Tuesday, October 8, 2013

Tribute Benchmarks Table



This post contains the Tribute benchmark table I spent the weekend working on. Development on the game started with a similar table I made a few years back. I have no idea how the table will render on a mobile device, so it's probably best to view it on a computer.

I ended up working on this one as a side effect of trying to figure out how RELAY worked in the game.

I had a long talk with another game designer and friend of mine, Barak Blackburn. He wrote Capes, Cowls, and Villains Foul which is a very exciting light supers RPG meant to emulate the feel of comic books. Check it out. 



 
Anyway, Barak was helping me with movement issues in my game, and he was strongly promoting the idea that I not include benchmarks in Tribute. His case was that if I included them they would become a straitjacket for some GMs, and that some players wouldn't be able to see past them when playing the game. I considered what he said, but I decided to include them anyway. I'm of the mindset that if there's an elegant way to give concrete information about something in game, it's preferable to abstractions that are prone to confusion. I guess I'm more engineer than artist.

I think that in the long run benchmarks will enhance play rather than hindering it. In no particular order, having them allows:

  • People other than me to stat up things that other people will agree with. The internet becomes a sourcebook.
  • Concrete measurement and use of a game mat, if desired.
  • The same stats to have different consequences at different reality levels.
  • The dice to inform game play with actual measurements, such as how far an object flies.

Still, I fully intend to see Tribute used to model completely alien concepts and worlds with no ties to our own reality. I just want to set a good baseline in modeling reality first. Once you know how to do that, you can do the stranger stuff- you can "eff" the ineffable, and hopefully have everyone at the table agree on what things mean.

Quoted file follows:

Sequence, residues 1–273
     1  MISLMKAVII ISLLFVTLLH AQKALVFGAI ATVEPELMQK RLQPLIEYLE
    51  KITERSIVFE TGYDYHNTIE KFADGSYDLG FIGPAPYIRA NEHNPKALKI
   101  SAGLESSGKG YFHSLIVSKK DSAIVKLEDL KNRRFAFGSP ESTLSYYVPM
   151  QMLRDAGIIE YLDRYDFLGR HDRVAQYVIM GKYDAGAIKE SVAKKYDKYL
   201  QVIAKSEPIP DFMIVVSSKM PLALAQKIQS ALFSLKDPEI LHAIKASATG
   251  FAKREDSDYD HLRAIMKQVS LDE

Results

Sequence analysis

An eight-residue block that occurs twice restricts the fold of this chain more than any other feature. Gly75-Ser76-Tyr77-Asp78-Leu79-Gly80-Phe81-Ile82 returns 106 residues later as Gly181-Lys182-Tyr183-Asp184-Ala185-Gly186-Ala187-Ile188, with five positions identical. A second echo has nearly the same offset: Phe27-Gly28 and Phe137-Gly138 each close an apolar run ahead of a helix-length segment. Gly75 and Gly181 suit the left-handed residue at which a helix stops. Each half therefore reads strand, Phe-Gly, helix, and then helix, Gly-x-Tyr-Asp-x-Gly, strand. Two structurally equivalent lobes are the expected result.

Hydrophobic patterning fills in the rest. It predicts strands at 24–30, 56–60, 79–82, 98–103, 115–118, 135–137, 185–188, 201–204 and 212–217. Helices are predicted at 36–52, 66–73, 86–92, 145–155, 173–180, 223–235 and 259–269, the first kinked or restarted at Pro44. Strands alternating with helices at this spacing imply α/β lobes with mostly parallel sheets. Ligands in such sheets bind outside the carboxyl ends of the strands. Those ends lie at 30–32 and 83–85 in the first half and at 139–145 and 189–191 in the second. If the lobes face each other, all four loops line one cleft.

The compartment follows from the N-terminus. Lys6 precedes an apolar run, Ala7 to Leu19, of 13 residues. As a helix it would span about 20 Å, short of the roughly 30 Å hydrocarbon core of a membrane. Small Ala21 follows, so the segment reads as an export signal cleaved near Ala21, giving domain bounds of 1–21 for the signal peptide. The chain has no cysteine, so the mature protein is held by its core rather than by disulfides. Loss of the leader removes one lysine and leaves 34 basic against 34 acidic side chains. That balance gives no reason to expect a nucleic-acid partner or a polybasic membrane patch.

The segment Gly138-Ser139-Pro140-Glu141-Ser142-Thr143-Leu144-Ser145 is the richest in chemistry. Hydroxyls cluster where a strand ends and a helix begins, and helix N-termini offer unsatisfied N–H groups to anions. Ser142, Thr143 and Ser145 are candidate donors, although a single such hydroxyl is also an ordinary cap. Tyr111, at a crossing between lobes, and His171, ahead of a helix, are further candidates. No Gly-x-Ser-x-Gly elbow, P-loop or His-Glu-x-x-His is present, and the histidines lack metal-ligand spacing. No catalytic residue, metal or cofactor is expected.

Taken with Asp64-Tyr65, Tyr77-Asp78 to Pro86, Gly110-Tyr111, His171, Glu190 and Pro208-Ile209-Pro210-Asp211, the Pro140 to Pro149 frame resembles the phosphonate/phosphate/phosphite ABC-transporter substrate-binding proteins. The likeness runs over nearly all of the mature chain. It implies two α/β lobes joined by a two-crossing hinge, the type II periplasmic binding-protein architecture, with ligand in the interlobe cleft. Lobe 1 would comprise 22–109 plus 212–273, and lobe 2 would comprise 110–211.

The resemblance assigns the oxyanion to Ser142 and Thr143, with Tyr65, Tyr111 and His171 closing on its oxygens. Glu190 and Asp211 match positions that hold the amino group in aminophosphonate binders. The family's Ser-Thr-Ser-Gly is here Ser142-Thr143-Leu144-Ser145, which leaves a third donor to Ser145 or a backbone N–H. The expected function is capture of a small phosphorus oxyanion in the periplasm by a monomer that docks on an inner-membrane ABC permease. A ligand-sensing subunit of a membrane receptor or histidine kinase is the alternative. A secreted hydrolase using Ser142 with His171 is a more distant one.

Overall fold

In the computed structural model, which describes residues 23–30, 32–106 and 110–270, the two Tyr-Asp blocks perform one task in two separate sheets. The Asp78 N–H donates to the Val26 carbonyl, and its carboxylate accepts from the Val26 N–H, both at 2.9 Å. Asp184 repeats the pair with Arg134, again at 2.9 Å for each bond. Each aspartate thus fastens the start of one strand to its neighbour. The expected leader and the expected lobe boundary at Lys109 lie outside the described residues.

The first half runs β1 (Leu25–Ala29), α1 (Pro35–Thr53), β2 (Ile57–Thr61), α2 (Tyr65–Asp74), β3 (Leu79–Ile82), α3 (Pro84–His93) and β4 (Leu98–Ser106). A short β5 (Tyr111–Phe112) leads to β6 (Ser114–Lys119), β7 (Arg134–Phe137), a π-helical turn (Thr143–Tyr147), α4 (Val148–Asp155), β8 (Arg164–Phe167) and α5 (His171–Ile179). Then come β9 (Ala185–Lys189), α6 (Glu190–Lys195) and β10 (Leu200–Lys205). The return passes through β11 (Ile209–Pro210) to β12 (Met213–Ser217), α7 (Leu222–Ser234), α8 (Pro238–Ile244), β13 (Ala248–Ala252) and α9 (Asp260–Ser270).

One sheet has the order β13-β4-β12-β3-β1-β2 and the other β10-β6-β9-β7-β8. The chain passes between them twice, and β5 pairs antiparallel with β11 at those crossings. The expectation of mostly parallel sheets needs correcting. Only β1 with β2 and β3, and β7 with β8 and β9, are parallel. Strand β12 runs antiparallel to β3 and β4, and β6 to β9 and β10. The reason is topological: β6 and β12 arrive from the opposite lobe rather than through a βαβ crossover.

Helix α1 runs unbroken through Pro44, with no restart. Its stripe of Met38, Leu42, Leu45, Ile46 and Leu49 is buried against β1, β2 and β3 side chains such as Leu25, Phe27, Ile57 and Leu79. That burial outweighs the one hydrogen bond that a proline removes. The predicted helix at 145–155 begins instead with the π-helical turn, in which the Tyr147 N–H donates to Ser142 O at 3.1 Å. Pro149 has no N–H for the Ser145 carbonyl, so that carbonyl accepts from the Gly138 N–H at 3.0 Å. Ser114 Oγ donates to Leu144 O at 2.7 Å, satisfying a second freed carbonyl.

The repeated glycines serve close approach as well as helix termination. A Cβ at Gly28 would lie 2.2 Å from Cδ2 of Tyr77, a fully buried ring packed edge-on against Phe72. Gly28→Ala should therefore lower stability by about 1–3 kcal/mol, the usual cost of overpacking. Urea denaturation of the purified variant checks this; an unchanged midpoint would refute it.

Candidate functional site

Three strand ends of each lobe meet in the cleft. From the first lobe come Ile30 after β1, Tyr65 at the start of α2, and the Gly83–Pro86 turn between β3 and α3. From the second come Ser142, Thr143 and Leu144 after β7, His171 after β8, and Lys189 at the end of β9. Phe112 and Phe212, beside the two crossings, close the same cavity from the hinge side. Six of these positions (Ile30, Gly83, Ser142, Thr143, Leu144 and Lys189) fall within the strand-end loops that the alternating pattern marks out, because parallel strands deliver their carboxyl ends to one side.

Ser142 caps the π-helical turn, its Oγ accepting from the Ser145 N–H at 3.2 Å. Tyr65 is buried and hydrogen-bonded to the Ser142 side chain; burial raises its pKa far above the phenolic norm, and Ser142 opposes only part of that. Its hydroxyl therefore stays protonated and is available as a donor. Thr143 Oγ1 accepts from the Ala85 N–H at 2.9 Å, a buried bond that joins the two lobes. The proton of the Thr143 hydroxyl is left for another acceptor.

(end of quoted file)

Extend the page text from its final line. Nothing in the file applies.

Credit Where it's Due


The Mayfair Exponential Game System, or MEGS, is often cited as a brilliant way of allowing characters with a range of capabilities to interact meaningfully. I'm blatantly ripping it off (with credit) for Tribute. I made a few changes, but the principle is the same.

In MEGS, everything you interact with is given a Rank, and a given Rank can correspond to a value, such as 100 lbs. In DC Heroes, the supers version of the system, every +1 to rank represents a x2 increase in the actual value you're talking about, such that if Rank 0 represented 100 lbs., Rank 1 would represent 200 lbs., Rank 2 would represent 400 lbs. and so on.

Multiplication of actual values is done by adding their Ranks together. Division is done by Subtracting their Ranks. This works like an old-fashioned slide rule, and is very handy for things like calculating the distance you can throw an object (Your Rank - the Rank of the object's mass= Rank of the distance), etc.

Another game using the system, Underground, which I haven't seen, uses a different progression whereby each +1 to Rank represents about a 1.26 multiplier. This means that every +3 equals roughly a doubling, every +7 equals multiplying by 5, and +10 equals multiplying by 10.  The same rules for multiplication and division apply.